One of the best known optimization-based scheduling tools is PP/DS from SAP. This tool offers two alternative solvers for generating solutions to the mathematical model. The first solver is a constraint-based programming algorithm that is the best choice for searching for a feasible solution when a lot of complex constraints are present. However, this solver is less effective for finding good solutions. The second solver is a genetic algorithm that may provide better solutions as long as not too many constraints exists. The success of either of these solvers to provide a reasonable solution within the bounds of a practical search time depends upon the complexity of the mathematical model and it’s approximate fit to the actual system.
The solvers are often not capable of solving the problem in a practical time, and hence PP/DS also provides a set of simple heuristic algorithms to generate a feasible schedule. Most of the PP/DS implementations actually use these simple heuristics and make no use of the two solvers that are available.
The simulation-based approach to scheduling replaces the set of mathematical constraints by a simulation model of the facility. Some simulation-based tools (e.g. Preactor) use a hard-coded simulation model of the facility that is configured using a database. These tools are limited to applications where the data-driven model is a reasonable fit for the facility. Other simulation-based tools (e.g. Simio) supports both a data-driven approach (for standard applications) as well as allow for custom creation of the underlying simulation model of the facility (for complex applications). This later approach provides complete flexibility in capturing the detailed process constraints in the system and greater transparency into the schedule generation process.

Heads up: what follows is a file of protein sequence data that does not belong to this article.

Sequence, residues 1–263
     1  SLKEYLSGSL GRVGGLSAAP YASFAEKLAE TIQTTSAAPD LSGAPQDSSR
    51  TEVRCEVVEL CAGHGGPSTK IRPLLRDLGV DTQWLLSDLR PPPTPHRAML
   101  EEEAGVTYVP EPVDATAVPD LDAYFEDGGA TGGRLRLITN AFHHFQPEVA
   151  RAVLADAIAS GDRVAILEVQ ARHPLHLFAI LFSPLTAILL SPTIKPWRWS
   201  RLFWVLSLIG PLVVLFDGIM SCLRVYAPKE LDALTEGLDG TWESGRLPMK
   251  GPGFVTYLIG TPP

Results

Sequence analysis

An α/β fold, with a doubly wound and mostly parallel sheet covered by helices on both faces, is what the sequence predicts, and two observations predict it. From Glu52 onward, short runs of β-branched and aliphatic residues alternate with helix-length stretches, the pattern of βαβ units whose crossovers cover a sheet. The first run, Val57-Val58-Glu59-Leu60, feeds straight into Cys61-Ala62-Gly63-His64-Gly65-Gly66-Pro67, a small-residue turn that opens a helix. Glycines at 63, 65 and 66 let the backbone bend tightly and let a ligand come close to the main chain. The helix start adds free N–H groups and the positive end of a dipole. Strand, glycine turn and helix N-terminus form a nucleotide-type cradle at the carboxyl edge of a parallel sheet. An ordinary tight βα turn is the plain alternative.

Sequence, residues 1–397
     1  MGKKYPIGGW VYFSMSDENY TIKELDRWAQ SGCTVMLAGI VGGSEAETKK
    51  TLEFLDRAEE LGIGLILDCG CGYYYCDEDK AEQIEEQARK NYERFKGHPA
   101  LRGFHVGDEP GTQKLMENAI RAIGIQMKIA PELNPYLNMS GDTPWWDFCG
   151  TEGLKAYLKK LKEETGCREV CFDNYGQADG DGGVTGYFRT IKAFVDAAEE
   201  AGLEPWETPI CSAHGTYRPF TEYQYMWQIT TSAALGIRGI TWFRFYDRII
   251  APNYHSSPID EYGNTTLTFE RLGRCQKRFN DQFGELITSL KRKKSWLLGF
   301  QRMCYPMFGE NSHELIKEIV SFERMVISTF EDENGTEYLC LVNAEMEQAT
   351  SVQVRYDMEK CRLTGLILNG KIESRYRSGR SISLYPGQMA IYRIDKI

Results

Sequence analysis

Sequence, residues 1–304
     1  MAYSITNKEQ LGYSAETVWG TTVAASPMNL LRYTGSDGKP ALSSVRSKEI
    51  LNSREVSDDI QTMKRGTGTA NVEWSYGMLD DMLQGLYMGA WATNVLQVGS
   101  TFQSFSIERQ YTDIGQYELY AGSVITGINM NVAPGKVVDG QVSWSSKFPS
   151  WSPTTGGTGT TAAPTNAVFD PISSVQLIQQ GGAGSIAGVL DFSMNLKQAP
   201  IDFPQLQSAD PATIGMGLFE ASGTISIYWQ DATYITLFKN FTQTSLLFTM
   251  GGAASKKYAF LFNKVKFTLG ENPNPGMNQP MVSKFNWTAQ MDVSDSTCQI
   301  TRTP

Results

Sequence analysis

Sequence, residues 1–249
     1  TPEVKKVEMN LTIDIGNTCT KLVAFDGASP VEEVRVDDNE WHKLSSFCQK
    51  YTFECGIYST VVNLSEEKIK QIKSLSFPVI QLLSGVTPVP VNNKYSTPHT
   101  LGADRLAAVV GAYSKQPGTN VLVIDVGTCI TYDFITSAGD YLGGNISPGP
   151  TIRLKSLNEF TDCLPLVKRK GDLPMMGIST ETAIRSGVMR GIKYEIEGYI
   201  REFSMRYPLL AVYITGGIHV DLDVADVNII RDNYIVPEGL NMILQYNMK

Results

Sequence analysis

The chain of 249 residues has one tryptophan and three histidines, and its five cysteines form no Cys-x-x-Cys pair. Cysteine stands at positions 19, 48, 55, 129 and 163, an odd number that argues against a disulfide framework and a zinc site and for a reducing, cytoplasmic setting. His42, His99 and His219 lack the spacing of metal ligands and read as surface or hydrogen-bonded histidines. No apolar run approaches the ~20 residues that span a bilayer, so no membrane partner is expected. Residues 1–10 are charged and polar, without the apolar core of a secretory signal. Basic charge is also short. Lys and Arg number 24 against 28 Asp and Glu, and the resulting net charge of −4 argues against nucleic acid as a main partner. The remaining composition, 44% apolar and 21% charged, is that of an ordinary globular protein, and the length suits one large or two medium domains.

In a simulation-based tool the schedule is generated by simulating the flow of work through the model of the facility. As the jobs move through the simulated facility they will queue up in front of machines, wait for material, tools, and operators to be available before proceeding. The movement of work through the simulated facility model is recorded and displayed in the form of Gantt charts that show each job’s flow through the system. The resource Gantt chart shows the loading of each job on each resource in the system, and the job Gantt chart shows the flow of each job across the resources that it utilizes during processing. The following shows a simple resource Gantt chart generated by the Simio simulation-based scheduler. This Gantt chart is interactive and allows the scheduler to drag and drop orders within and between machines on the Gantt chart. This allows the scheduler to make adjustments to the schedule that is generated by the simulation model.